- The Washington Times - Friday, June 30, 2006

NEW YORK — A Palestinian representative for the West Bank and Gaza Strip urged the U.N. Security Council yesterday to press Israel to quickly end its Gaza offensive, but the United States said Syria and Iran must first end their role as “state sponsors of terror” and condemn Hamas militants.

Israel, for its part, insisted during an emergency session of the 15-nation council that its military presence was limited to a small part of southern Gaza and was intended to prevent a kidnapped Israeli soldier from being smuggled out of the area.

Israel was doing all it could to minimize harm to Palestinian civilians and planned immediate steps to improve the humanitarian situation in the area, said Daniel Carmon, Israel’s deputy U.N. ambassador.

Palestinian U.N. Observer Riyad Mansour painted a dire picture of conditions in Gaza, where Israeli forces have bombed water pipelines and the area’s sole power plant and attacked the Interior Ministry with missiles.

In the West Bank, Israel had detained at least 64 Palestinians including eight Hamas Cabinet ministers and 24 members of the Palestinian Legislative Council, he said.

“The council cannot continue to remain passive in the face of such a military aggression against a defenseless civilian population,” he said, calling for approval of a resolution condemning the incursion and urging the prompt withdrawal of Israeli forces and the release of detained officials.

However, John R. Bolton, the U.S. ambassador to the United Nations, called for caution.

“We should not undermine the limited credibility of the council by engaging in debate and rhetoric merely for their own sake,” he said.

The best way to resolve the crisis was for Hamas to quickly and unconditionally release the captured Israeli corporal, Gilad Shalit, he said.

“The United States is of the firm view that a prerequisite for ending this conflict is that the governments of Syria and Iran end their role as state sponsors of terror and unequivocally condemn the actions of Hamas,” including Cpl. Shalit’s kidnapping, Mr. Bolton said.

Syria also should arrest Hamas leader and “known international terrorist” Khaled Meshaal, who lives in Damascus, and shut down Hamas offices in its territory, he added.

Many Middle East leaders recognized that Meshaal was “the key to resolving this humanitarian crisis” through Cpl. Shalit’s safe return, said Mr. Carmon, noting the many pleas for his release directed at the Syrian government.

While Israel had shown restraint during weeks of attempted kidnappings and rocket attacks on its territory, it had launched its offensive only after Cpl. Shalit’s abduction and the slaying of 18-year-old settler Eliyahu Asheri, he said.

Gaza had become “a terror base” and diplomatic efforts on Cpl. Shalit’s behalf had proved fruitless, he said. It was Israel’s duty “to do all that we can to bring about his safe return.”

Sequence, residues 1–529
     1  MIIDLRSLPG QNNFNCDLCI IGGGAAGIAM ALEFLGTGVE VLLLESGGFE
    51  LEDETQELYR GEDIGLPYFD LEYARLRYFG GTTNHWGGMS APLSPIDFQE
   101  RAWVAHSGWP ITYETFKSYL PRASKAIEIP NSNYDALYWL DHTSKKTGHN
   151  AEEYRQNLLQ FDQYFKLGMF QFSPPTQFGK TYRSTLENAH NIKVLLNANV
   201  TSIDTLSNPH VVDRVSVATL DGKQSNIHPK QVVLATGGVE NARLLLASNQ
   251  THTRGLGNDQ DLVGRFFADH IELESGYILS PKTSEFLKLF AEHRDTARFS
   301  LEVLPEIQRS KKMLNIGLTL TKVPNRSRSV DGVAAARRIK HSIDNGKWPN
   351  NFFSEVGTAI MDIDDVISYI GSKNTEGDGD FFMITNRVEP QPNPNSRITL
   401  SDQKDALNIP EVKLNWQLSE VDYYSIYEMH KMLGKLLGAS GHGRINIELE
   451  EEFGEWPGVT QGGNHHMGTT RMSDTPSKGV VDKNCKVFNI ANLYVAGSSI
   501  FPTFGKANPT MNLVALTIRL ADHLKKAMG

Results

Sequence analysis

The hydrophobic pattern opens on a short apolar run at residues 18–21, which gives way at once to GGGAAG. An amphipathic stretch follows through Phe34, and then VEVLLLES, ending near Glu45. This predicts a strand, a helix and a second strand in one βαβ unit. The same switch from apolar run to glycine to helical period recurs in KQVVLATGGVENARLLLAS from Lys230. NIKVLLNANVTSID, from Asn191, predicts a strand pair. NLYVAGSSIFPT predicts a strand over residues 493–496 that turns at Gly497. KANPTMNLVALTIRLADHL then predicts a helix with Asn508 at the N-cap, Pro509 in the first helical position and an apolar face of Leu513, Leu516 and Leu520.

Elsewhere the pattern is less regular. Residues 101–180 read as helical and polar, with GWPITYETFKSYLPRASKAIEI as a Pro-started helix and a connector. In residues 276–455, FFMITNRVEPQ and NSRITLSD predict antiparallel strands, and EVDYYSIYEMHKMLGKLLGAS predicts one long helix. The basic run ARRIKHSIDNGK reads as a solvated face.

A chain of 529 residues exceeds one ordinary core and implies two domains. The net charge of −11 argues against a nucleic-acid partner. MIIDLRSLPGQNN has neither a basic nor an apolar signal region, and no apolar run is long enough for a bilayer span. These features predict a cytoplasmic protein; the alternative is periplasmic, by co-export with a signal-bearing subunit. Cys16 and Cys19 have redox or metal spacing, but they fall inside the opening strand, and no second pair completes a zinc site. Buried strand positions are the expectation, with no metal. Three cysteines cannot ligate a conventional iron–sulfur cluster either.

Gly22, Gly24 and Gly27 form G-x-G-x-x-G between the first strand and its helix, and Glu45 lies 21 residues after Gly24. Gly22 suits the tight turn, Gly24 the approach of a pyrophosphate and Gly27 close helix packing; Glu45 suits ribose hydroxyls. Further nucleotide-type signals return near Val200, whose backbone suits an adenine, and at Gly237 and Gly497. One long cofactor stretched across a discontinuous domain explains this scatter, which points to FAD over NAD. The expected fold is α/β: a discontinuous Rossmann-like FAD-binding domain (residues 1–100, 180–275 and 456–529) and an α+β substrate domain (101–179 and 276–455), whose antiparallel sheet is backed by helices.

Israel detained the Hamas officials “so they can be tried and brought to justice,” he said. “Israel will not accept terrorists to hide behind political titles.”

Mr. Bolton noted, however, that the Group of Eight industrialized nations, including the United States, had expressed concern about the Palestinian officials’ detention.

“We call on all parties to avoid action that can escalate this situation or harm innocent civilians while acknowledging Israel’s unequivocal right to defend itself and the lives of its citizens,” the U.S. envoy said.

In the Gaza Strip yesterday, Palestinian Prime Minister Ismail Haniyeh demanded that Israel halt its Gaza offensive if it wanted to free the captured soldier and said the Hamas-led government would not give way to force.

Israel launched air strikes against training camps for militants and pounded Gaza with missiles. At the start of its offensive, it set ablaze the Interior Ministry offices.

Two militants were killed in attacks the army said were aimed at squads firing rockets into Israel.

On Thursday, Egyptian President Hosni Mubarak said Hamas had given “conditional approval” for Cpl. Shalit’s release, without specifying the terms. Mohammed Dahlan, an aide to Palestinian Authority President Mahmoud Abbas, said he hoped an agreement would be reached in the coming days.

Troops have massed near northern Gaza, but diplomatic sources said Israel had paused its offensive into the territory to allow for mediation efforts to continue.

“We are encouraged by the fact that the Israelis are standing down in Gaza and that Hamas is talking openly about repatriating the soldier,” White House spokesman Tony Snow said.

Israel also has rejected demands by militants to free Palestinians jailed by Israel for information about Cpl. Shalit. The groups have not said whether he is dead or alive.

Nidal al-Mughrabi contributed to this article from Gaza.

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